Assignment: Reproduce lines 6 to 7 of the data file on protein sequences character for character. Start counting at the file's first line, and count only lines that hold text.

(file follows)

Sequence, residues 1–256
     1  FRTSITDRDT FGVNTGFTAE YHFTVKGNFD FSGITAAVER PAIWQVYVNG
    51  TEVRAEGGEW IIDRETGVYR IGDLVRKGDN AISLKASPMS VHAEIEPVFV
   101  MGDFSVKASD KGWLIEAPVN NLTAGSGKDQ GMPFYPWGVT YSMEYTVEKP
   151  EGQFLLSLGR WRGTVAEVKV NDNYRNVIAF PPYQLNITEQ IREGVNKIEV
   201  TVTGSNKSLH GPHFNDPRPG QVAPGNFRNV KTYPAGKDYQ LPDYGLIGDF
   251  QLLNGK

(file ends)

   201  TVTGSNKSLH GPHFNDPRPG QVAPGNFRNV KTYPAGKDYQ LPDYGLIGDF
   251  QLLNGK